In 2010, reforms were resumed. The State Council declared the establishment of the National Energy Commission, whose members include representatives from various government agencies such as finance, central bank, tax, transportation, environment and the National Development and Reform Commission (NDRC). The Commission’s function is to formulate an overall energy policy in China, draft an energy development plan, review energy security and major energy issues and co-ordinate with domestic and international energy development co-operation. It contributed greatly to China’s energy policy for the 12th Five Year Plan.

Latest price reform measures

In late December 2011, the NDRC issued a notice announcing a natural gas price reform pilot scheme. According to the notice, the pilot scheme will be implemented in Guangdong province and the Guangxi Autonomous Region. This pilot scheme has sent a positive signal to the market that China is finally stepping up its natural gas reforms.

This is a summary of the key features of the scheme:

The scheme lays down the goals and processes of the natural gas price reforms. The ultimate goal of the reforms is to liberalise and let the market decide the well-head prices. The government will only supervise the pipeline transmitted gas prices. The process comprises the following:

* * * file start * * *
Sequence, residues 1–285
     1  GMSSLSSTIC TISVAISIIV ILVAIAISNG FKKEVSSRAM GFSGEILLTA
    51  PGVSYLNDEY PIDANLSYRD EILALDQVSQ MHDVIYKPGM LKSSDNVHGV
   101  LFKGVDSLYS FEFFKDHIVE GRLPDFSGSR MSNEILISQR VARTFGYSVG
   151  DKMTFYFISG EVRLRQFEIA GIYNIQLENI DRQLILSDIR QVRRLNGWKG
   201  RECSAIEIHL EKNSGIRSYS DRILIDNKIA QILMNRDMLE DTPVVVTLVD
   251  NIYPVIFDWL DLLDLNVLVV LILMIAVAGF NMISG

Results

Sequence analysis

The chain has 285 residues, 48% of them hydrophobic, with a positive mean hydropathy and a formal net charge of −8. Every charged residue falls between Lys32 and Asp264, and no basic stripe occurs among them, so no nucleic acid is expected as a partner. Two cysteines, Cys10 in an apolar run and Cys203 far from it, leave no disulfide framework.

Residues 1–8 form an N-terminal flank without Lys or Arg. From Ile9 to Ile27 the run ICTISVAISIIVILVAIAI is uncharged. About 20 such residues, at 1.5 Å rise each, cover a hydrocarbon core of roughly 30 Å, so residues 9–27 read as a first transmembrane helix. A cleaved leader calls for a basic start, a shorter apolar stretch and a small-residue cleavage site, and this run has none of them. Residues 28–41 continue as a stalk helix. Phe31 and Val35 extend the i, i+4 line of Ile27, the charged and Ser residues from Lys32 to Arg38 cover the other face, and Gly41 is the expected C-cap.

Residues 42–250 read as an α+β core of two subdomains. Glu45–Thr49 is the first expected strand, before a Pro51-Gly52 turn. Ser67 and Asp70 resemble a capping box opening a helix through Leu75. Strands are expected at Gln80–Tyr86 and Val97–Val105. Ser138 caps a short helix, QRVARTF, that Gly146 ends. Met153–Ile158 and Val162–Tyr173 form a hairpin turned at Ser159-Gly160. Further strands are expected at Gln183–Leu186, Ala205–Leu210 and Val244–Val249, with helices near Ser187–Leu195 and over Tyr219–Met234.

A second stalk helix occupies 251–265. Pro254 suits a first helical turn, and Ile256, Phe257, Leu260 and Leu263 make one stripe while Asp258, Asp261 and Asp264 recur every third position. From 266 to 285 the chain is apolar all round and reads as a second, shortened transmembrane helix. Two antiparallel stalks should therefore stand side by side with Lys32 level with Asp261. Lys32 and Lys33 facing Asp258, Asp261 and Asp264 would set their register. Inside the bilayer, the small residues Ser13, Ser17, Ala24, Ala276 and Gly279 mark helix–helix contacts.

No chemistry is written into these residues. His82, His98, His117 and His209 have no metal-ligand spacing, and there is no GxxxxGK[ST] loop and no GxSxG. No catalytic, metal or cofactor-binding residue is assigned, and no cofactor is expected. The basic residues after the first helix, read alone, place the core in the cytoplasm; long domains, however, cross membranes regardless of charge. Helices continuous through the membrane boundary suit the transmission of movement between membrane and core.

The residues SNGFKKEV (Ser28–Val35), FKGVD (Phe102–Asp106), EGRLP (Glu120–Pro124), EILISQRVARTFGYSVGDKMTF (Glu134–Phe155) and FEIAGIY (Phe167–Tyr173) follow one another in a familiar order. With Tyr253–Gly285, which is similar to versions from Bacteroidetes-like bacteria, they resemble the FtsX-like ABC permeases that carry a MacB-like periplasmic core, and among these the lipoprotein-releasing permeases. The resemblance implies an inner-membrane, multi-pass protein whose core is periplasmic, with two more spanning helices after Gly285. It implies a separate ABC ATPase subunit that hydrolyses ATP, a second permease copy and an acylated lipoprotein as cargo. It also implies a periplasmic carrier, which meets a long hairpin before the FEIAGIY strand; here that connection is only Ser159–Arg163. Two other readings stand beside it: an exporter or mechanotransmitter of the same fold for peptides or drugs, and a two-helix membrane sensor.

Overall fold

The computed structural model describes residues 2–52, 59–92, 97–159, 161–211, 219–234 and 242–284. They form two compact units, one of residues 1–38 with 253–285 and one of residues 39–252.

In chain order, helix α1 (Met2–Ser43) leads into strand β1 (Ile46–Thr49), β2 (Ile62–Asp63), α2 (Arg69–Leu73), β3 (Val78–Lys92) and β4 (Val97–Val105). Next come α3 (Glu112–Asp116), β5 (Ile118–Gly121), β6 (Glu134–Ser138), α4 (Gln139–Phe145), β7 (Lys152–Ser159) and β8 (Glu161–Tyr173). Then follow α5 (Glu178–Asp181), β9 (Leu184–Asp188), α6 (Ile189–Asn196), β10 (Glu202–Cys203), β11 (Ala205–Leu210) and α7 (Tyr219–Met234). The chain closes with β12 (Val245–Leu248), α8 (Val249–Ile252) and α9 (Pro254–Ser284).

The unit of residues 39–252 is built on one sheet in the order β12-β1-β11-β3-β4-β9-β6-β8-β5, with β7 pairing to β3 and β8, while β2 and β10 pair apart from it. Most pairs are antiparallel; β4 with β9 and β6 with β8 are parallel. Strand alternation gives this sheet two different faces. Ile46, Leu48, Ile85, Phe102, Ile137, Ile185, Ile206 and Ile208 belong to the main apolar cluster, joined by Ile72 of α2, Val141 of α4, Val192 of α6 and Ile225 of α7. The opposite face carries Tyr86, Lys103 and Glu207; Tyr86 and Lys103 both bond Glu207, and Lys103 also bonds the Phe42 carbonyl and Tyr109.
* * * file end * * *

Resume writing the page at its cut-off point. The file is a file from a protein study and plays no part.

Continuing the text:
1. The pricing mechanism is to be changed from a 'production cost' base to a 'market net return' base. The new pricing mechanism applies to gas produced at onshore gas fields in China and imported pipeline gas.
  2. The new city gate prices will be linked to the import price of two types of substitute fuels: fuel oil (giving a 60 per cent weight in the final prices) for power generation and LPG (having a 40 per cent weight in the final prices) for cooking in Shanghai, and the prices of these substitute fuels are to be used as a starting point by the government to derive a benchmark price in Shanghai. This benchmark price will in turn be used to calculate the gas prices for Guangdong and Guangxi, which are the two regions initially subject to the scheme.
  3. The city-gate prices are adjusted, initially annually, then semi-annually or quarterly, according to the change in prices for the above mentioned substitute fuels; and
  4. The prices of unconventional gas such as shale gas, coal seam methane and coal to gas will be liberalised and decided by the market.